Your browser is no longer supported

For the best possible experience using our website we recommend you upgrade to a newer version or another browser.

Your browser appears to have cookies disabled. For the best experience of this website, please enable cookies in your browser

We'll assume we have your consent to use cookies, for example so you won't need to log in each time you visit our site.
Learn more


  • Comment



VOL: 99, ISSUE: 37, PAGE NO: 27

Download a print-friendly PDF file of this article here


- Barium swallow is an X-ray procedure which is used to examine the oesophagus.

- The procedure has been shown to give good detail of the mucosa and is also useful for showing changes in oesophageal motility.

- It takes about 10-20 minutes to perform.

- It is usually carried out in the X-ray department by a radiologist and radiographer.

- The patient swallows a solution of barium sulphate, which provides a contrast to enhance X-ray images.


- As a diagnostic tool for patients with symptoms such as dysphagia (difficulty swallowing), heartburn and regurgitation.

- As videofluoroscopy in order to monitor patients with long-term swallowing difficulties.


- None.


- The radiologist should be supplied with the patient history.

- A full explanation of the procedure should be given to the patient.

- If views of the stomach are required, patient is nil by mouth for 4-6 hours prior to the procedure.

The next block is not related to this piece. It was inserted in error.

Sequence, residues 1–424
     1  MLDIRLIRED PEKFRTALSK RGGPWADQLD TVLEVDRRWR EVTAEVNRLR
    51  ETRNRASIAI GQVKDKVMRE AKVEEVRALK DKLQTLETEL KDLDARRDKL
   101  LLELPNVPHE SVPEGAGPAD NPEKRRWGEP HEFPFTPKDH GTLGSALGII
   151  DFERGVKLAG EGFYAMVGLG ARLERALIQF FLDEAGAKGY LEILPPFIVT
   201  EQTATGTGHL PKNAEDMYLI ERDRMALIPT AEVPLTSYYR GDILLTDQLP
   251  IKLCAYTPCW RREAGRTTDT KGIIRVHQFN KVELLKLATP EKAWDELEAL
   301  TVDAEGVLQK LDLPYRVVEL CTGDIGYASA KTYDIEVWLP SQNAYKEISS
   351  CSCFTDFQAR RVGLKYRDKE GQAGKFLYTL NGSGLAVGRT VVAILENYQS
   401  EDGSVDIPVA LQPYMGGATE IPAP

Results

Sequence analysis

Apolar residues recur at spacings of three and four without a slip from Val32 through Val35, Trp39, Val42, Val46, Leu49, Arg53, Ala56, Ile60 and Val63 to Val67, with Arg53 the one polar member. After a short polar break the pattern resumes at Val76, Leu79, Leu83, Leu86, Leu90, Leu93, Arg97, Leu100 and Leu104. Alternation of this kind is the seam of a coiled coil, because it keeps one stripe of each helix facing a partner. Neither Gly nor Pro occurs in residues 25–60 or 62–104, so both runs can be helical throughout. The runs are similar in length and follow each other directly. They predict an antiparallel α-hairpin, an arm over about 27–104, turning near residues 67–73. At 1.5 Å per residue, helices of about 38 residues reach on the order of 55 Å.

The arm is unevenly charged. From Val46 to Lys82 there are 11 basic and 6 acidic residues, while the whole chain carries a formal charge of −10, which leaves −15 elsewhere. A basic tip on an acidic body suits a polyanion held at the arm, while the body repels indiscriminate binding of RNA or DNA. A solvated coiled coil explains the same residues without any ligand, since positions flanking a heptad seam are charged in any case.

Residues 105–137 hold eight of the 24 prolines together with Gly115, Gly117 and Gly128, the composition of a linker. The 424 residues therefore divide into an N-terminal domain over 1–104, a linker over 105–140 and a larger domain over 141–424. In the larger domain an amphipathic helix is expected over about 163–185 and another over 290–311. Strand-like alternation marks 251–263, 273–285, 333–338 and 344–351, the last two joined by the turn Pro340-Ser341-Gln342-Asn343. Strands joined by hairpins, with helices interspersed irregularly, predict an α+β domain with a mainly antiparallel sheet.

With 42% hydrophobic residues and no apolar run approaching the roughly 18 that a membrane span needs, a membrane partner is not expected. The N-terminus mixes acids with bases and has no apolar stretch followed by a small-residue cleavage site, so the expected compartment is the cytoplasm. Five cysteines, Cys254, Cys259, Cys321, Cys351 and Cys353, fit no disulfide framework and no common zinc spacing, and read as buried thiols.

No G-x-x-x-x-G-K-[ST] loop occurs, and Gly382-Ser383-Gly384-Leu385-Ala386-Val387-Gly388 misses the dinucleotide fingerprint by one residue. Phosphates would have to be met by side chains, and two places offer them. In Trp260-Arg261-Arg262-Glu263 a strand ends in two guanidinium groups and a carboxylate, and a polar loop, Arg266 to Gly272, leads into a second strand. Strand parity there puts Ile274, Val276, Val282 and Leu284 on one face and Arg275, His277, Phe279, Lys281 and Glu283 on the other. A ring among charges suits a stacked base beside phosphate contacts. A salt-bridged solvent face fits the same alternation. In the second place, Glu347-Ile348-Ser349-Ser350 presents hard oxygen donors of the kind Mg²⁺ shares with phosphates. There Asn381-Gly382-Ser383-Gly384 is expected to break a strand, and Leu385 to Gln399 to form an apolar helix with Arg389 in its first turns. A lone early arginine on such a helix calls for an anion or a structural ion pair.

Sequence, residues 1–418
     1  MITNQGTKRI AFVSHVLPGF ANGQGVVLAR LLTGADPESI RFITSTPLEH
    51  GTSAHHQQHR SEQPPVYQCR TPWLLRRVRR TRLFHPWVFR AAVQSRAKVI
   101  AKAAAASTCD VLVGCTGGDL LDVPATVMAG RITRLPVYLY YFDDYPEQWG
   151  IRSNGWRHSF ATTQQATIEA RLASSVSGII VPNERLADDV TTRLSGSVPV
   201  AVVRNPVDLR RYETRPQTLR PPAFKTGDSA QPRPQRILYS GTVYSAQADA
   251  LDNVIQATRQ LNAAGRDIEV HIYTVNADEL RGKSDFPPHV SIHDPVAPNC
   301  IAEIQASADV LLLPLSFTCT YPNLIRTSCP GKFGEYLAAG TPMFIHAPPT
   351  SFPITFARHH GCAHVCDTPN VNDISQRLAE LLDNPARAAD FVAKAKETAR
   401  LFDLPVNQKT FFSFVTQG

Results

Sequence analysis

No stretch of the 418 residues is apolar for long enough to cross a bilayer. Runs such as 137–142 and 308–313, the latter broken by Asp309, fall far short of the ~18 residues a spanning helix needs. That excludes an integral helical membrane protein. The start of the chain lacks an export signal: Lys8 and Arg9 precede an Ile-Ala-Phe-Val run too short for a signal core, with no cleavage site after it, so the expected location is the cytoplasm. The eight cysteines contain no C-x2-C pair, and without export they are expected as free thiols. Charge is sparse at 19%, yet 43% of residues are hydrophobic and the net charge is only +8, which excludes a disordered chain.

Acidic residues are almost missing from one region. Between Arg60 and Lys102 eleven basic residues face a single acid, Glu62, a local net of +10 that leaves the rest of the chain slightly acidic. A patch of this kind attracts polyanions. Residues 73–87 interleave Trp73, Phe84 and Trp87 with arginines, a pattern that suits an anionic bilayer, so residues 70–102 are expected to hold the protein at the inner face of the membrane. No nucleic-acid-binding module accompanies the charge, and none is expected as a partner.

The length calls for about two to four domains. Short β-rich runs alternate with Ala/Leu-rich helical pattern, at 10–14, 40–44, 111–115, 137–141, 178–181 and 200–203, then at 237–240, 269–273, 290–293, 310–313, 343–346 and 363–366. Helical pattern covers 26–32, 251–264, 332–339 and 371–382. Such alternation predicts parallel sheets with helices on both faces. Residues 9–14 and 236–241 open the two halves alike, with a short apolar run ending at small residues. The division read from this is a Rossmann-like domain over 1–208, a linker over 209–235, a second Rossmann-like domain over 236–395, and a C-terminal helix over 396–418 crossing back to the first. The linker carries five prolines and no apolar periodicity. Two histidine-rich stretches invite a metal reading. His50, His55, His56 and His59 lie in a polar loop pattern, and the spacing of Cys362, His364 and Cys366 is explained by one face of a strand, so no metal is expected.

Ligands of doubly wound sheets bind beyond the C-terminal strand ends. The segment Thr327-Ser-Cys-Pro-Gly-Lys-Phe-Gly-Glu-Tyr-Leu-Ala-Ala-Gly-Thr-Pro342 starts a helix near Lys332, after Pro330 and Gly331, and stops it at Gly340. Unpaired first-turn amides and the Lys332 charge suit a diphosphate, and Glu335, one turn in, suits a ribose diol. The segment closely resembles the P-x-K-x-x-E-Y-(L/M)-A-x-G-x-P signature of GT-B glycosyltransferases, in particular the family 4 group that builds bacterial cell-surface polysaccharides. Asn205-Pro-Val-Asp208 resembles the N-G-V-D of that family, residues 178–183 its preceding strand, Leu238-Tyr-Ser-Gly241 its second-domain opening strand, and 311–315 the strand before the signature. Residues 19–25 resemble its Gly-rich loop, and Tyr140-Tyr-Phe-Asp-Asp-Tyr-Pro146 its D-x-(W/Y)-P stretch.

- Some outpatient centres request the patient not to smoke for three hours prior to the procedure.


- Patient lies prone on an X-ray table.

- A mouthful of barium is given through a straw.

- Patient is asked to swallow and images are taken as barium passes through oropharynx into oesophagus.

- Radiologist views the passage of barium until it enters the stomach.

- As the barium passes the lower oesophageal sphincter the radiologist asks the patient to take a deep breath to assess the effect of diaphragmatic movement.

- Several swallows may be used.

- For patients with problems swallowing solids the barium may be mixed with food, such as biscuits.

- When sufficient images have been obtained the patient can sit up.


During the procedure:

- Observe patient’s tolerance of the procedure, for example pain;

- Provide reassurance, commentary and support;

- Watch out for any unexpected events, such as vomiting, cardiorespiratory depression, or vasovagal reactions;

- Ensure resuscitation equipment is to hand.

- Note: each barium study exposes patients and staff to radioactivity. The longer the study, the greater this exposure will be. As a result, all staff take precautions to prevent exposure and the radiographer will document the amount of exposure each patient receives.


- Assess and document patient’s status on completing the procedure.

- Document all care given and any unusual events that occur.

- Provide written instructions regarding diet, medications, activity restrictions, follow-up and possible complications.

- The patient’s stools may be lighter in colour for a few days due to the ingestion of barium.


- Normal swallow with good coordination and peristalsis. Normal oesophageal mucosa.

- Oesophageal: webs; neoplasms; dysmotility; achalasia; diverticula; gastro-oesophageal reflux disease and oesophagitis; poor swallowing coordination.


- Major complication: aspiration.

- Minor complications: constipation, nausea and belching.

  • Comment

Related files

Have your say

You must sign in to make a comment

Please remember that the submission of any material is governed by our Terms and Conditions and by submitting material you confirm your agreement to these Terms and Conditions. Links may be included in your comments but HTML is not permitted.